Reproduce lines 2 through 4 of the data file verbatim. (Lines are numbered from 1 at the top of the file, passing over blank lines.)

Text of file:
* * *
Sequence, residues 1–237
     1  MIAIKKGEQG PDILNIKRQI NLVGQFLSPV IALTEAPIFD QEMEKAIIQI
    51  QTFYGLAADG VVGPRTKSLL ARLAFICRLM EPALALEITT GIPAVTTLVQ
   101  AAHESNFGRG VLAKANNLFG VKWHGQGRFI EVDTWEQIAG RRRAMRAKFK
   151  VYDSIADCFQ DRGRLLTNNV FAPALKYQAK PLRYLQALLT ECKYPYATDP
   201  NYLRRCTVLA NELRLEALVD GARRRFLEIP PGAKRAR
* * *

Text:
     1  MIAIKKGEQG PDILNIKRQI NLVGQFLSPV IALTEAPIFD QEMEKAIIQI
    51  QTFYGLAADG VVGPRTKSLL ARLAFICRLM EPALALEITT GIPAVTTLVQ
   101  AAHESNFGRG VLAKANNLFG VKWHGQGRFI EVDTWEQIAG RRRAMRAKFK